"Above the Fold," the title of former New York Times reporter Bernard Weinraub's stacked new morality play about 21st century journalism now at the Pasadena Playhouse, reveals the author's background as an ink-stained dinosaur.
For tablet-reading news junkies under 40, the expression refers to the placement on the front page of a broadsheet newspaper that attracts the most eyeballs and therefore wields the most influence.
The very appealing Taraji P. Henson, best known for her role in the CBS crime drama "Person of Interest," stars as Jane, an ambitious reporter at a prestige New York newspaper who's tired of writing lifestyle pieces about trendy Harlem restaurants. She's desperate to tackle stories that will land above the fold and seemingly stumbles upon one when on assignment in North Carolina.
Monique (Kristy Johnson), an African American mother of two who works as a stripper, accuses three white fraternity boys from the town's elite university of savagely raping her. Lorne (Mark Hildreth), a district attorney with his eye on a congressional seat, takes up Monique's case, eager to drum up media attention for his own political benefit.
After Lorne shows Jane photos of a bruised and battered Monique and labels this incident a "racial minefield," Jane believes she's found her journalistic pot of gold, the scoop that will get her the post in Afghanistan she covets and eventually a place on the masthead.
The only problem is that her narrative is determined before the facts are fully known. In the economically hobbled news-gathering business, what used to be called yellow journalism is now apparently standard operating procedure — at least in the view of a recovering journalist trying to make a name for himself as a dramatist and willing to present as incendiary and distorted a picture as any tabloid headline writer working today.
Based on the infamous 2006 Duke lacrosse rape case, in which three young men on the university's team were falsely accused of raping an African American woman who worked as a stripper, "Above the Fold" levels a scathing attack on Weinraub's former profession.
As a newsroom veteran, he understands the ways stories can be sensationalized to sell newspapers and tally Internet clicks. But as a cub playwright, whose previous play "The Accomplices" struggled to transform controversial White House history to the stage, he doesn't possess the skill to dramatize with much credibility, never mind subtlety, these practices. Worse, in letting his agenda get the better of him, he turns the insidious into something simplistic, clumsy and obvious.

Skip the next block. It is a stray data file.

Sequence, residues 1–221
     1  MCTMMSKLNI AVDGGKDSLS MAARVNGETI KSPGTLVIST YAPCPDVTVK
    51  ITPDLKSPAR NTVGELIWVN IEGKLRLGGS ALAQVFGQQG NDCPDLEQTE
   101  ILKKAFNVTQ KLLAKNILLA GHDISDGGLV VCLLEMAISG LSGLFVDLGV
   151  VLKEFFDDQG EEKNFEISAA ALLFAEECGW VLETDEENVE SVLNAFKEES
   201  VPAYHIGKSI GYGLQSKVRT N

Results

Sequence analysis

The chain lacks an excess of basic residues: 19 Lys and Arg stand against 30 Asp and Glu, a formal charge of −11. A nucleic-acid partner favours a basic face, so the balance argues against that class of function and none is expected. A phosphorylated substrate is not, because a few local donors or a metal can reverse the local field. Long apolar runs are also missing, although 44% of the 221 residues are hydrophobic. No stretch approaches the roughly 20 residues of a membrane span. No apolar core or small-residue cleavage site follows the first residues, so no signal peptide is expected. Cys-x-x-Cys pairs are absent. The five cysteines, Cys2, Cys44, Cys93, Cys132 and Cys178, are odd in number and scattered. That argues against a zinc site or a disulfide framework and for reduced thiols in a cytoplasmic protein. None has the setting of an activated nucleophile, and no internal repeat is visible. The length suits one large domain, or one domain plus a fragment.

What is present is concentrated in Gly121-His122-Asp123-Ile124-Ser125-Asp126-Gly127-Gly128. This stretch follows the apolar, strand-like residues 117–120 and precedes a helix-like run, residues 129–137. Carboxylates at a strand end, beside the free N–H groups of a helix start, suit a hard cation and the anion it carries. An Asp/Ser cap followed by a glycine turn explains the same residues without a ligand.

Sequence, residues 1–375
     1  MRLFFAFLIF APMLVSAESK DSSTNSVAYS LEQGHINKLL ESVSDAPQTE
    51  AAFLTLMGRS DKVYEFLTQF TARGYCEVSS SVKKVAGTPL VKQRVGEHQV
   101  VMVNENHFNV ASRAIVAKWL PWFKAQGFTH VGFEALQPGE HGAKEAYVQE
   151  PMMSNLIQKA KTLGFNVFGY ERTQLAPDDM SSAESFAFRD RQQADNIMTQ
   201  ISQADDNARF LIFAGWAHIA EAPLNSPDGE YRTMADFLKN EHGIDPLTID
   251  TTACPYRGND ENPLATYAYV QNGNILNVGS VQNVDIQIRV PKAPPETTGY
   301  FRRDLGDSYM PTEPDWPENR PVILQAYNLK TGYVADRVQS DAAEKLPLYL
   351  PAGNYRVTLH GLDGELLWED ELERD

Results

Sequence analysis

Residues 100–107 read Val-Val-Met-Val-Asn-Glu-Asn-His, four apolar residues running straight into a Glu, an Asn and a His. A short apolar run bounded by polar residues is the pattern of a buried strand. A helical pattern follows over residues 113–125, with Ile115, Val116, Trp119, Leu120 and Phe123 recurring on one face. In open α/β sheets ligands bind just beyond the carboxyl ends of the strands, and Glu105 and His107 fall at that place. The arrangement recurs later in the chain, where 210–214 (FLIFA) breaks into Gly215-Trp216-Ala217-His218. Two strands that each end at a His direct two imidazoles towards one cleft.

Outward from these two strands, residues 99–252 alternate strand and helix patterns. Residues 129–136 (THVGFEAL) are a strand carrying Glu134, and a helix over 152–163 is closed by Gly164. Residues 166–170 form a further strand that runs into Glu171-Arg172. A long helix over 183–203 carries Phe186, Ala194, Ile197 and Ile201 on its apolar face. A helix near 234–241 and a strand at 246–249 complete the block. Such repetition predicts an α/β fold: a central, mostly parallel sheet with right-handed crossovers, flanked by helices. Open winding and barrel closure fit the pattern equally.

A crucial misstep is the way Jane comes off as so professionally unsophisticated. Had Weinraub made her a less amateurish reporter, his critique would have more sting.
On her first meeting with the district attorney, Jane knocks back a glass of vodka, then gets him to talk on the record while supplying him with loaded language that will be sure to ignite a media firestorm. She offers hugs to Monique and even gives her the expensive shoes off her feet. (Heavy-handed theatrical metaphor is a prominent part of Weinraub's doctrinaire tool kit.)
As for the three accused frat boys (played by Kristopher Higgins, Joe Massingill and Seamus Mulchay), this supposed seasoned reporter barely has the time or inclination to get their side of the story.
Media bias isn't a surreptitious phenomenon embedded in newsroom culture but an open conspiracy. One of the accused students, a journalism major, charges Jane with "leading the lynch mob."
"You knew exactly what you were going to write before you even talked to us," he says, vanquishing her on her own turf.
Newspaper stories are depicted as a collaborative sport. There are scenes in which Jane is writing on her mini laptop while Marvin (Arye Gross), her editor, is changing the wording by telephone.
"Smiling" becomes "grinning," "ivy-covered" is added to "off-campus fraternity house" and, to ensure no dimwitted reader misses the point, "laden with racial overtones" is tacked on to "brutal incident."
Marvin is less a believable character than a cynical manifestation of how far Weinraub thinks journalism has fallen.
To ensure that Jane keeps supplying the paper with red meat, he dangles promotions and dismisses her doubts about the glaring inconsistencies in Monique's testimony.